Richard Silverstein has a problem. One of his posts on his self-described “progressive but critical Zionist” blog attracted the attention of some anti-Zionists, one of whom left the equivalent of cyber-graffiti.

Understandably, he’s miffed, not only at what happened, but by the response by Six Apart, the company that makes Movable Type and runs the Typepad blog service on which his blog runs.

Review: Monster-In-Law

Sunday, May 15th, 2005

Stars: Jennifer Lopez, Jane Fonda, Michael Vartan
Rated: PG-13 for sex references and language.
Executive Summary: A female version of Meet The Parents, but not quite as funny.
Pineapples: 5 out of 10 (fair)

Finally, Something To Cheer About for Hawaii Schools

Friday, May 13th, 2005

Hawaii is lagging behind in No Child Left Behind. Or so you’ve been led to think. It’s no secret by now that we have a lot of schools that need extra help to meet NCLB standards, and many of them are in so-called “restructuring.” Having a lot of schools in dire straits means our system is failing, right?

Not necessarily, say two Stanford University researchers. Paul E. Peterson and Frederick M. Hess contend that our situation is not necessarily a symptom of a failing system, but a result of having set high standards for our kids to meet.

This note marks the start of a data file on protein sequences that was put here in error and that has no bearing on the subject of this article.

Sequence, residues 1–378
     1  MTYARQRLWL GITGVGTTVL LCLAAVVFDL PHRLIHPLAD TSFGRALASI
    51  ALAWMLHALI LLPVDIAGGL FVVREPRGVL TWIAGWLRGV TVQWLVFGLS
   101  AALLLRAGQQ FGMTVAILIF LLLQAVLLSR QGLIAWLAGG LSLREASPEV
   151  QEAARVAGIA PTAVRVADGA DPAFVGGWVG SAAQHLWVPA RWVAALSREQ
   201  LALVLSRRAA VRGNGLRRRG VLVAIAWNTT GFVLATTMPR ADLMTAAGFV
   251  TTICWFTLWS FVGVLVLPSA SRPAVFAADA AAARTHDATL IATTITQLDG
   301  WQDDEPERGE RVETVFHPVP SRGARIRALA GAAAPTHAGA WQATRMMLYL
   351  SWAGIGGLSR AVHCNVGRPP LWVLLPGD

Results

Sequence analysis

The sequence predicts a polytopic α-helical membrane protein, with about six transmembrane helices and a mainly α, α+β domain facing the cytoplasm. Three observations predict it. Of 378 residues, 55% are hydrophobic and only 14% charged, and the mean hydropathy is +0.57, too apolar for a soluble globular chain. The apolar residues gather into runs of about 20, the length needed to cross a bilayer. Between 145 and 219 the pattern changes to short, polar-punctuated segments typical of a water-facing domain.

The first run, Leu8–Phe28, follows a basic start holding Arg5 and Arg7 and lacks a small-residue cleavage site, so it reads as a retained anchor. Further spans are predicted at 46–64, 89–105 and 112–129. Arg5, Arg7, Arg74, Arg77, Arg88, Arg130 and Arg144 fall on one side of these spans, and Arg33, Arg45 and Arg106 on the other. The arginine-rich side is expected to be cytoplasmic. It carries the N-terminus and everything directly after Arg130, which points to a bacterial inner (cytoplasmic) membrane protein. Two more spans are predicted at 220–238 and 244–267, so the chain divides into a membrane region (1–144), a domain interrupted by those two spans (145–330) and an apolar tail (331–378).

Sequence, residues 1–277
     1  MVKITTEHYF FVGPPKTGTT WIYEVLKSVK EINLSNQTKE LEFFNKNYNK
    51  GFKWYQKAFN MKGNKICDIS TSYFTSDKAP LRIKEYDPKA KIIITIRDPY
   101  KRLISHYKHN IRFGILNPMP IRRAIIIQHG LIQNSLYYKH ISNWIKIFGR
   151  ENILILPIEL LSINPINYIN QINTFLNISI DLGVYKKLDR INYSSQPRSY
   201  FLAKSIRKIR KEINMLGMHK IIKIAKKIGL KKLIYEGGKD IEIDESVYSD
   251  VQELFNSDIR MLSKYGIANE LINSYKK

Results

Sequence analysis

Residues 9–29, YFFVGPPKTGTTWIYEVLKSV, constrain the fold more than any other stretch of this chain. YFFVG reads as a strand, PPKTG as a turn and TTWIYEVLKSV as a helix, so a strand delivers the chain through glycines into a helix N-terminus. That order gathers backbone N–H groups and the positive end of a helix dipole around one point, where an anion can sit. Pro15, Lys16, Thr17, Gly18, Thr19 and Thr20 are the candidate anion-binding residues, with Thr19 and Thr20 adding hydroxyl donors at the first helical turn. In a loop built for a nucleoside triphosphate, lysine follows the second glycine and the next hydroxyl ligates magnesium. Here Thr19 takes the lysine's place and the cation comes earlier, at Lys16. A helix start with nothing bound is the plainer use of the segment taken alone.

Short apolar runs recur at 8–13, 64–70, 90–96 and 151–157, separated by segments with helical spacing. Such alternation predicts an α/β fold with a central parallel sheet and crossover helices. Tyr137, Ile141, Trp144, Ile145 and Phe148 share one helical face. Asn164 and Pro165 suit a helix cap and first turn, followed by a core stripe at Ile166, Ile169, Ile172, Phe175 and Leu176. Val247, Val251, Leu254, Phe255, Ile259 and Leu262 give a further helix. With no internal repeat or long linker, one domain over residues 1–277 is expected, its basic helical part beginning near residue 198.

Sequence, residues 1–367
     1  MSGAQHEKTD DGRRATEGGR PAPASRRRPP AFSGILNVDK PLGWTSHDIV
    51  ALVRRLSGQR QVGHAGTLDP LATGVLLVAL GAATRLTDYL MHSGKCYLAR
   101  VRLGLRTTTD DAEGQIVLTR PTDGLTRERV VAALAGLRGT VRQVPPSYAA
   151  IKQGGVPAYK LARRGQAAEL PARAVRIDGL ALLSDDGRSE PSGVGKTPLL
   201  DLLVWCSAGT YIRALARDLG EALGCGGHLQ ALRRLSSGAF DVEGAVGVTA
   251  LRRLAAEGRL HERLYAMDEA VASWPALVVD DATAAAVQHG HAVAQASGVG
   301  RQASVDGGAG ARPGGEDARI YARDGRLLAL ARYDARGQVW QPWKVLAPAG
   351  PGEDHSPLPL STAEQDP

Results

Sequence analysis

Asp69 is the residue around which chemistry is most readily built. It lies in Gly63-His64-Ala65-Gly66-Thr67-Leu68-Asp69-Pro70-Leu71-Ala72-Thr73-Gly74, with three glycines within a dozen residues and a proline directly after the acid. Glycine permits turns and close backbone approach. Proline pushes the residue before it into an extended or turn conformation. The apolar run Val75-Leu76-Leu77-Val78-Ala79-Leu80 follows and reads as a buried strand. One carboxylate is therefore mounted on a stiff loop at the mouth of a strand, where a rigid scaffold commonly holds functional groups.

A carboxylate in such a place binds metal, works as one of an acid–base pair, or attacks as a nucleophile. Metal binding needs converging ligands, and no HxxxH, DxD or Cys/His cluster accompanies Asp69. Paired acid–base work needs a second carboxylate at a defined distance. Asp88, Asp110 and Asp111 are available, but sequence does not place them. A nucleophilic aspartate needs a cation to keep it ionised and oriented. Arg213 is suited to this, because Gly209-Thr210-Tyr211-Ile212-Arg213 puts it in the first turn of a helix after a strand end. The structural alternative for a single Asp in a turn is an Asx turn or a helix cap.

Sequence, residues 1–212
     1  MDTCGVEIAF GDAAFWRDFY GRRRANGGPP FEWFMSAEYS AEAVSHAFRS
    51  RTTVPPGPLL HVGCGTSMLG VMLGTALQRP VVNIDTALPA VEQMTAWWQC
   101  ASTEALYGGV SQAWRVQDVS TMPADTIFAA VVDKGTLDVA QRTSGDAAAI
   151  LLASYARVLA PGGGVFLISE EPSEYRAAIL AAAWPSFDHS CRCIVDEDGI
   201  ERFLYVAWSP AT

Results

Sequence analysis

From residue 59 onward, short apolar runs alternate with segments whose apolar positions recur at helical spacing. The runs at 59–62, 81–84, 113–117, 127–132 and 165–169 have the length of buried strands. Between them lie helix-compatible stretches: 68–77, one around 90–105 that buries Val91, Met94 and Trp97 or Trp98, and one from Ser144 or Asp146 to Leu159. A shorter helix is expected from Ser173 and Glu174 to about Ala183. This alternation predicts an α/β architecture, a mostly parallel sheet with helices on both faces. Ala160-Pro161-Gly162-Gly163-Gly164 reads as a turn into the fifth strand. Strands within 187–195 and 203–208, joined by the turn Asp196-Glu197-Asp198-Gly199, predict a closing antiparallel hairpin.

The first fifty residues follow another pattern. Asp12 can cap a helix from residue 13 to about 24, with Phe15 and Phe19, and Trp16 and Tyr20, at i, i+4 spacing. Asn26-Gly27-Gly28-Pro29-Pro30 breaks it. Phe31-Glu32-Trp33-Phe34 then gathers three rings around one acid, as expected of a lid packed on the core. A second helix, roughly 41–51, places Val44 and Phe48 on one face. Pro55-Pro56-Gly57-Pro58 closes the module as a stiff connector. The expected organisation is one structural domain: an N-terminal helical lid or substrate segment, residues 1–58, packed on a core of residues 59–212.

The results of this study were front page, above the fold, in today’s Star-Bulletin. Its bottom line was that Hawaii just missed the top 5 (yes, the TOP 5) in rigor for its standards, when its proficiency test numbers are compared against the state’s results of the National Assessment for Educational Progress in 2003 and graded on a curve. State proficiency levels ranged from 5% above NAEP (for #1 South Carolina) to more than 36% above (the average level).

The Poster Child for Anti-Diplomacy

Thursday, May 12th, 2005

Yes, it’s not a judicial nomination, and technically it wouldn’t be subject to the all-but-imminent nuclear option. But if ever there was a time for Democrats to go all out to filibuster, the time is now.

Today the Senate Foreign Relations committee voted 10-8, along party lines, to send John Bolton’s nomination to the Senate floor. However, the committee sent it to the floor, minus the favorable recommendation.

Unlike Bush’s judicial nominees, for whom Republicans are all but united, the idea of the pull-no-punches Bolton as U.N. ambassador is giving several GOP members heartburn.

Damned If You Do, Damned If You Don’t

Tuesday, May 10th, 2005

It’s not easy working for a health insurance company these days. And with what’s going on in the news, both nationally and here in Hawaii, it is downright difficult working for the largest insurer in the state, as I do.

Here in Hawaii, if HMSA so much as coughs, it makes front page news. And if it even thinks about how much it will take to cover ever-rising healthcare costs, it gets hit on all sides.

HMSA made a profit? What are they asking for another rate increase?

HMSA lost money? What are they doing with our insurance premiums?

Talk about damned if you do, damned if you don’t.